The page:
I have been a priest for a little over a month and naturally this makes me an expert on just about everything. All joking aside, I would like to make a small contribution to the voices speaking on parish renewal because this is a topic near to my heart. To do this, I would like to borrow an idea from Greg McKeown’s book Essentialism: The Disciplined Pursuit of Less. He explains that if we learn to focus on a few, essential things that need to be accomplished, we can eliminate a lot of time and energy in fixing other details which are nonessential. In this way, the key is not to work harder, but smarter.
I think a real danger with parish renewal is that we can fail to identify those things which are essential and have the ability to truly transform our communities. By addressing these core aspects of the parish, in time the other small details will begin to fall in place. I would identify the following as the 3 essentials:
If we are leading people to connect with Jesus Christ in a personal way, many of the other details will work themselves out. Experienced Evangelists such as Sherry Weddell (author of Forming Intentional Disciples) have shown time and time again that when people are connected to our Lord, incredible things begin to happen in our parishes. People give generously to collections and to parish initiatives because they “get it.” They are plugged in not because we have crafted our message well, but because they have come to know the Lord.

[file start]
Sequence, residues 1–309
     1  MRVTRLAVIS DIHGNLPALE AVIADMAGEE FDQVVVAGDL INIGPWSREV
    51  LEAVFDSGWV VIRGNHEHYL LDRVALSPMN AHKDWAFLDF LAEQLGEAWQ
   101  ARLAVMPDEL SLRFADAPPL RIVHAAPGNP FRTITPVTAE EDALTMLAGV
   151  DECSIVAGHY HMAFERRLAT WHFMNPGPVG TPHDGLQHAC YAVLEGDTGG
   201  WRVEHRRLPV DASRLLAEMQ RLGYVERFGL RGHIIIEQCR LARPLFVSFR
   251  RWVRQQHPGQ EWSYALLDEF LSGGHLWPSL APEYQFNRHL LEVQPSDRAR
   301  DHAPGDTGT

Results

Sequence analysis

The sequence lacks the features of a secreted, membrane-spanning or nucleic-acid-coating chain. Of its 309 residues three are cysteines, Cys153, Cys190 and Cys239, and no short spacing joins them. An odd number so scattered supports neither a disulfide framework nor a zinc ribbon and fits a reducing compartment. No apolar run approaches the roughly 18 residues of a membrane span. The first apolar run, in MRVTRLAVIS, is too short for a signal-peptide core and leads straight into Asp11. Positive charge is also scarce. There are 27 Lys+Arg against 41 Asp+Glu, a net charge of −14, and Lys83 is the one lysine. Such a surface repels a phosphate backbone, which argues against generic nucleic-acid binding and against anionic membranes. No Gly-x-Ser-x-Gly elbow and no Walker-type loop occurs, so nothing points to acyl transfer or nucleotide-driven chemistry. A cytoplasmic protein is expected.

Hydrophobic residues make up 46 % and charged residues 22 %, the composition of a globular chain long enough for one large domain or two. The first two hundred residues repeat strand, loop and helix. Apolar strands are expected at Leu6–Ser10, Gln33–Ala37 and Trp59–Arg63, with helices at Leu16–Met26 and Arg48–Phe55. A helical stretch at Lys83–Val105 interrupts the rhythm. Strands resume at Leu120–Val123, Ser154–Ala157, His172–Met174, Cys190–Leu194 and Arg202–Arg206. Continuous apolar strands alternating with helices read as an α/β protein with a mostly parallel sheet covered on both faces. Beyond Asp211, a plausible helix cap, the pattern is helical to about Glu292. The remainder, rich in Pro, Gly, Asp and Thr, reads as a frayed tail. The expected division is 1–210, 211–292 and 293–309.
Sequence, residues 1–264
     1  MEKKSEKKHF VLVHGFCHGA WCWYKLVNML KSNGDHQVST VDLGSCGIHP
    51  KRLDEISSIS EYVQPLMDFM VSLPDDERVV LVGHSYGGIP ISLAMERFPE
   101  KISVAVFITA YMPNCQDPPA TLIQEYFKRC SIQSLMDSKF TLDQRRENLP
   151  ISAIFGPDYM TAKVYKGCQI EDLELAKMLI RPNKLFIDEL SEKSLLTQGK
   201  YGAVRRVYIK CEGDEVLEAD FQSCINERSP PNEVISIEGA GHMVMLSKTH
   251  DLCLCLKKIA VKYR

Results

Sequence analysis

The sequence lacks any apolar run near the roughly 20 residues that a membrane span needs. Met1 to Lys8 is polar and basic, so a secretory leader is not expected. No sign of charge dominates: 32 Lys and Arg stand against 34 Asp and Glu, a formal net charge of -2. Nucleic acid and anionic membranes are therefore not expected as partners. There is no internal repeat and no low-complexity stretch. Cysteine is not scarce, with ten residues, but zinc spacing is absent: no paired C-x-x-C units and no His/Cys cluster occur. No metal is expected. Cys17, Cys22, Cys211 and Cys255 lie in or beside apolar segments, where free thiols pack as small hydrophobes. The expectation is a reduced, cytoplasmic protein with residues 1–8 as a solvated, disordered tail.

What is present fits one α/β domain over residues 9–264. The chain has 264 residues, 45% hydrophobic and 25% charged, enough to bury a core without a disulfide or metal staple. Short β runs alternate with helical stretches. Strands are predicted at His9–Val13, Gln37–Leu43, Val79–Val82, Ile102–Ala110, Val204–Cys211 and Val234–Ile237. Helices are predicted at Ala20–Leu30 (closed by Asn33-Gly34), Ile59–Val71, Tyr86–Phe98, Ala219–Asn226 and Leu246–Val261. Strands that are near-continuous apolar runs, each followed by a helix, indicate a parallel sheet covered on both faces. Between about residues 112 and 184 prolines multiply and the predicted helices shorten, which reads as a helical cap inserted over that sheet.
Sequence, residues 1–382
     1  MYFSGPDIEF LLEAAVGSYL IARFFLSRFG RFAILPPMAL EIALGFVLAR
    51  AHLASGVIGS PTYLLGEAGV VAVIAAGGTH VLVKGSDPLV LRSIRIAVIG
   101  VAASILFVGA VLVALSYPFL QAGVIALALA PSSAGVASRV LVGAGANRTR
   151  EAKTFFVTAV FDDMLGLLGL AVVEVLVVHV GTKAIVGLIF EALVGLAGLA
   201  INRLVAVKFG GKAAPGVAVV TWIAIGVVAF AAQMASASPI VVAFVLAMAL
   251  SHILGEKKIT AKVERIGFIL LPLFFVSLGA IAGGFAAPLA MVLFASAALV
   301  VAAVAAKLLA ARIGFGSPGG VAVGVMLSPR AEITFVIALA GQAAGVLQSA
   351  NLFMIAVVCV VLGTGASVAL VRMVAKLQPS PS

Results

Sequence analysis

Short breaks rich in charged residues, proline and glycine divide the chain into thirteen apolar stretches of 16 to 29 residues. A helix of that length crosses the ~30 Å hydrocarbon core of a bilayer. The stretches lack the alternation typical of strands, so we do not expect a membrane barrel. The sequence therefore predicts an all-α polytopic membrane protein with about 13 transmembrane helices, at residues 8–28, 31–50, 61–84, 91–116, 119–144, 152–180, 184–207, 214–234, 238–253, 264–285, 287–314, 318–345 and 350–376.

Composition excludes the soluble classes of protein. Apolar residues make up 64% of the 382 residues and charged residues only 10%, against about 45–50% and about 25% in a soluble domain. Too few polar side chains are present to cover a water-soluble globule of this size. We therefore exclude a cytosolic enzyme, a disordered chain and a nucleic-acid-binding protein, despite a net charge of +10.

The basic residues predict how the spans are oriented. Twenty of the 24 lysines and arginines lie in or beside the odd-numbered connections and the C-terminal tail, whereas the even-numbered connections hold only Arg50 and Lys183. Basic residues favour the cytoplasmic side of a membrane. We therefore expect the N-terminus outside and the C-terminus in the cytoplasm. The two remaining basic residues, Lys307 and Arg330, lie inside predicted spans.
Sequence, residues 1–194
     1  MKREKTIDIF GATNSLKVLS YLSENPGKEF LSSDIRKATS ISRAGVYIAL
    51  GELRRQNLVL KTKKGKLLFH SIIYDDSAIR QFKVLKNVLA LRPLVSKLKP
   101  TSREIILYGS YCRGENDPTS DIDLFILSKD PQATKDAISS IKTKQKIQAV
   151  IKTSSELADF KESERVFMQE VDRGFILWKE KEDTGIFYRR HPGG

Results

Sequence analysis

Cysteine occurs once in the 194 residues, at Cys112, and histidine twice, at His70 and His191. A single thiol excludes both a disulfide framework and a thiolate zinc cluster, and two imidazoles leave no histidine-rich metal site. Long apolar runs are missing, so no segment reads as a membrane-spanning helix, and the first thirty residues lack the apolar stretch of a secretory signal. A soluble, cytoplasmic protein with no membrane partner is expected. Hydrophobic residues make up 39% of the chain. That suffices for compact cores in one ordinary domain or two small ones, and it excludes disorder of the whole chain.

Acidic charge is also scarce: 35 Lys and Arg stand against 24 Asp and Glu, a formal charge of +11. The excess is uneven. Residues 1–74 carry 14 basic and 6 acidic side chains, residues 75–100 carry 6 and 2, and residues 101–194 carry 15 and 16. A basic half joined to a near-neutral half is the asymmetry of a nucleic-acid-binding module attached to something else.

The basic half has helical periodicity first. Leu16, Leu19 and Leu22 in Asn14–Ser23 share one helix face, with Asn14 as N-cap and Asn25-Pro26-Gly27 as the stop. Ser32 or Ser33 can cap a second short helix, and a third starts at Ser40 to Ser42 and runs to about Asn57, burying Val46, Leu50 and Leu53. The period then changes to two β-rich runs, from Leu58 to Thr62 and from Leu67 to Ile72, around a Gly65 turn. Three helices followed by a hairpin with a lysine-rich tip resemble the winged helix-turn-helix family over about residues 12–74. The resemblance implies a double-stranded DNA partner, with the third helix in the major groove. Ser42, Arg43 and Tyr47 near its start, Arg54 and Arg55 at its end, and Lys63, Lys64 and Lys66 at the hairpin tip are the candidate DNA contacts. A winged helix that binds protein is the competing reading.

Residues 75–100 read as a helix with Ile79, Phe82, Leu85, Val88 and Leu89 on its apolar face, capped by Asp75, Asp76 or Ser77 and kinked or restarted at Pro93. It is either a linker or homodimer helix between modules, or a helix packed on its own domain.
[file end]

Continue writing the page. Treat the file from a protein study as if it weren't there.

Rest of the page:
The fundamental movement that must take place in every Christian is a renunciation of selfishness and an embracing of God’s will. By helping people to move beyond themselves and their particular interests, we can solve many of the problems that are caused by gossip and division. Of course, there will always be conflict. However, an attitude of conversion helps everyone (including the pastor) to hear the perennial call to deny self and take up the cross.
Our parishes must become places where conversion is cultivated, celebrated, and encouraged at all levels. We must instill in ourselves and each other a constant vigilance in which we are open to the promptings of the Holy Spirit.
Forgiveness is a powerful antidote to the lies and destruction that sin causes in our lives and in our parishes. Many people are carrying serious areas of woundedness and pain, and helping them is not simply a side project that we engage in with pastoral counseling. We must live forgiveness and mercy in our own lives while inspiring others to do the same. In this way, our parishes can become places of tender compassion in which we support and nurture the path of healing in Christ.
I am convinced that if we focus on these three essentials in our communities, many other details will fall into place precisely because we are opening ourselves to the work of the Holy Spirit. These essentials do not replace God’s grace, but rather are the disposition of receptivity in which we invite God to do the work.